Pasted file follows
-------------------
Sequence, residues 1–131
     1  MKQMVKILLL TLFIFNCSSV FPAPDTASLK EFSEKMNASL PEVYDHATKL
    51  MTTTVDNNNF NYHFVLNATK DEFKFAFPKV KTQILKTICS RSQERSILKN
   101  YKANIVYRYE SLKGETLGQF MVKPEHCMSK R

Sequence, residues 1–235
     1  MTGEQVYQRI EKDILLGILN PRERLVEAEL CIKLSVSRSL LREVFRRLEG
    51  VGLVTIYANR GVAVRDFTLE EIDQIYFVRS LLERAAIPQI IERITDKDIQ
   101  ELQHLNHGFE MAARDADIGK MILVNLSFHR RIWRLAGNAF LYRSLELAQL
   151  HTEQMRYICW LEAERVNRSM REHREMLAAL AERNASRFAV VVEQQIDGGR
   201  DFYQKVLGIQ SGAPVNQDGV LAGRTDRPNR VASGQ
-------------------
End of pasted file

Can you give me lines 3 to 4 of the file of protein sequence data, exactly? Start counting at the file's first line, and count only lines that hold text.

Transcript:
    51  MTTTVDNNNF NYHFVLNATK DEFKFAFPKV KTQILKTICS RSQERSILKN
   101  YKANIVYRYE SLKGETLGQF MVKPEHCMSK R